Exotic Berries: Introducing Aronia, Acai, and More

You already know that berries are considered nutritional superstars, offering lots of bang for the (low) calorie buck. But if you've been sticking to old standbys like strawberries, blueberries, and raspberries, you may be wondering if you're missing out. What's the deal with these lesser-known berries?

Acai Berries

Over the past couple of years there's been a proliferation of foods and beverages that contain acai, a berry that originates in the rainforests of South America. These round purple berries resemble grapes or blueberries and are said to taste like blackberries with perhaps a hint of chocolate aftertaste. They offer a wealth of antioxidants and can be eaten raw, taken in tablets, or consumed in juice and smoothies.

You may have heard of acai berries as a nearly magical cure-all for a wide array of ills. But Leigh Tracy, RD, LDN, a dietitian at Mercy Medical Center in Baltimore, urges consumers to take a more balanced view: Acai "has been called a superfood that will help with numerous health concerns related to weight loss, cancer, high cholesterol, detoxification, and overall health; however, there are no definitive human studies showing this to be true. These berries may be a good source of fiber, antioxidants, and heart-healthy fats, but further research is needed."

Aronia Berries

Originating in the eastern part of the United States and mostly found in swamps and woodlands, this dark purple berry with a rather tart flavor is typically used to make juice, either blended with other fruit juices or on its own. Although they haven't been well promoted in this country, those in the know laud aronia, also known as chokeberry, for its healthful properties. "It is high in phytonutrients [substances found in plants] that are beneficial to human health," says Franci Cohen, MS, a certified nutritionist, fitness trainer, and exercise physiologist in Brooklyn, NY. "The berries are high in vitamins, minerals, and folic acids. They are also one of the richest plant sources of phenolic substances, mainly proanthocyanins and anthocyanins." (Phenolic substances are known to play a part in cancer prevention and treatment.) In this, aronia is a particularly good choice: It contains 1,480 mg of anthocyanins per 100 grams of fresh fruit weight, perhaps more than any other berry.

Although the decision to try aronia berries may be an easy one to make, finding them might be a little harder. You'll have the best luck at natural foods stores and online marketplaces.


Loganberries are a cross between blackberries and raspberries, though they’re larger than both. And while these dark red jewels taste pretty tart, perhaps deterring some people from eating them raw, they lend themselves well as an ingredients in a variety of foods—Cohen pronounces them "ideal" for jams, preserves, pies, and fruit salads. The berries abound in calcium, zinc, iron, selenium, magnesium, potassium, fiber, as well as a multitude of vitamins. Cohen points out that they are also rich in antioxidants and may help prevent certain autoimmune diseases and cancers. Loganberries tend to be a regional treat, enjoying uncommon popularity in western New York and southern Ontario, but products can be purchased online.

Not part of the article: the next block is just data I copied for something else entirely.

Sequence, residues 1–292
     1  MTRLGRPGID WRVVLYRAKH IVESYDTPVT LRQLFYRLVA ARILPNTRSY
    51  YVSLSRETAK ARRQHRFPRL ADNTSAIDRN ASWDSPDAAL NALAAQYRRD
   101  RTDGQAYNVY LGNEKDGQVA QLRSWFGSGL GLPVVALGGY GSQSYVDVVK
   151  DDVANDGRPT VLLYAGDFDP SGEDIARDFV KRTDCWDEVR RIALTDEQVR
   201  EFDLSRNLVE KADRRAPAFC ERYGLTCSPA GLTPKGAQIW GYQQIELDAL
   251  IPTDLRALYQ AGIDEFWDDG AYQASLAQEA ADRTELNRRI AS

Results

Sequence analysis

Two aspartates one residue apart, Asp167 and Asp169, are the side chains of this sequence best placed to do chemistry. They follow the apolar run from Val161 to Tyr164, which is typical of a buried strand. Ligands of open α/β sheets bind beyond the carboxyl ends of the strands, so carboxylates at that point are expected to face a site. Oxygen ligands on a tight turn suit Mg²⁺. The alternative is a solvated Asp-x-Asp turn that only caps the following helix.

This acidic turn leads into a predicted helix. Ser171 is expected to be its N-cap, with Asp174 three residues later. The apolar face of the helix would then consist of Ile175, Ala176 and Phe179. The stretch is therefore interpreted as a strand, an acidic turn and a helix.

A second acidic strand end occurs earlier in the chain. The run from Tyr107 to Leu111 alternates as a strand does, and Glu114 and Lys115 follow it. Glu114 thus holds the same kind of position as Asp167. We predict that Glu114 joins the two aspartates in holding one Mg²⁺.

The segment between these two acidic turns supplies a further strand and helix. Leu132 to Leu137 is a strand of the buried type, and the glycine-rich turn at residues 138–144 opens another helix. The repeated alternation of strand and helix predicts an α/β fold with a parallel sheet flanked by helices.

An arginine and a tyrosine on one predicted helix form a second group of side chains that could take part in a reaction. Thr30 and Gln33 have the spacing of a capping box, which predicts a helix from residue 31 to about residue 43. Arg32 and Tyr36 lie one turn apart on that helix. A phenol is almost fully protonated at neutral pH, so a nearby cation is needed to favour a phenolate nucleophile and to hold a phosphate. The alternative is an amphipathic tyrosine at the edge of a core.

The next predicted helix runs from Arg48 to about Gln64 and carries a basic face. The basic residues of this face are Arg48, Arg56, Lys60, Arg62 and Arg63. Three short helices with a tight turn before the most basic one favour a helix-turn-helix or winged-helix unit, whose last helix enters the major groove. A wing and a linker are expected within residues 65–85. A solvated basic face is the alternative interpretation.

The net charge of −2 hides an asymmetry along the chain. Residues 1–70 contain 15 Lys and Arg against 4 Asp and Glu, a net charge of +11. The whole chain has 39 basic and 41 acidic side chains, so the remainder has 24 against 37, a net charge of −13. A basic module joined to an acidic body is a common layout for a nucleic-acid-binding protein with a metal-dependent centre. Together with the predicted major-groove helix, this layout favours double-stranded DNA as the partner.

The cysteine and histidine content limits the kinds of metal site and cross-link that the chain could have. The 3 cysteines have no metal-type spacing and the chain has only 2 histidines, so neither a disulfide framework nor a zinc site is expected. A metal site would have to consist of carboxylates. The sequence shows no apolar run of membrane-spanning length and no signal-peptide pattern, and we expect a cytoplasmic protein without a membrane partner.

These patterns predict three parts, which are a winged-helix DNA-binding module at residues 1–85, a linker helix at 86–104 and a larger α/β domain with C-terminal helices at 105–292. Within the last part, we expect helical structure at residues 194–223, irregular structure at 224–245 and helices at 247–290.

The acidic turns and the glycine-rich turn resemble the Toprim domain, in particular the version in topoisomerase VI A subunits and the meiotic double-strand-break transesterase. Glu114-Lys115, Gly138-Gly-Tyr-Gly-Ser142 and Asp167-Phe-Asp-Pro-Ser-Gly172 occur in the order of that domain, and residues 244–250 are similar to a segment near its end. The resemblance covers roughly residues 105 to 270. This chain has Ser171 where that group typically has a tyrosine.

Goji Berries

Grown in China on the lycium shrub, these berries—eaten raw or dried or drunk as juice—have gained a following as an antidote to such conditions as diabetes, high blood pressure, and cancer. According to the National Institutes of Health, however, there isn't sufficient evidence to support the use of goji to treat these or any other health conditions. Moreover, caution during pregnancy is recommended: There is concern that a chemical in goji called betaine may cause miscarriage.

The Bottom Line

While these berries sound appealing and (like other fruits) offer nutritional benefits, if you can't find them—or aren't wowed by their taste—don't fret. The most important thing is to eat a variety of colorful fruits and vegetables, exotic or not, according to Elizabeth Somer, MA, RD, author of Food and Mood.

"These fad foods are given an unproven health halo," Somer says, adding that compared to the thousands of studies on readily available produce, "The research on the latest exotic and pricey fad berry is meager." She also points out that since most of these berries are grown outside the US, or only in specific locations within the country, transporting them can be costly both to your wallet and the environment.

Elizabeth Somer, MA, RD, and Leigh Tracy, RD, reviewed this article. 


Interview with Elizabeth Somer, MA, RD.

Interview with Leigh Tracy, RN, LDN.

Interview with Franci Cohen, MS

Wu X, L Gu, RL Prior, and S McKay. "Characterization of Anthocyanins and Proanthocyanidins in Some Cultivars of Ribes, Aronia, and Sambucus and Their Antioxidant Capacity." Journal of Agriculture and Food Chemistry 2004 52(26):7846-56. October 28, 2014. 

Huang, WY, YZ Cai and Y Zhang. "Natural Phenolic Compounds from Medicinal Herbs and Dietary Plants: Potential Use for Cancer Prevention." Nutr Cancer 2010 62(1):1-20. Accessed October 29, 2014. 

"Lycium." MedlinePlus. National Institutes of Health. Page last reviewed April 22, 2013.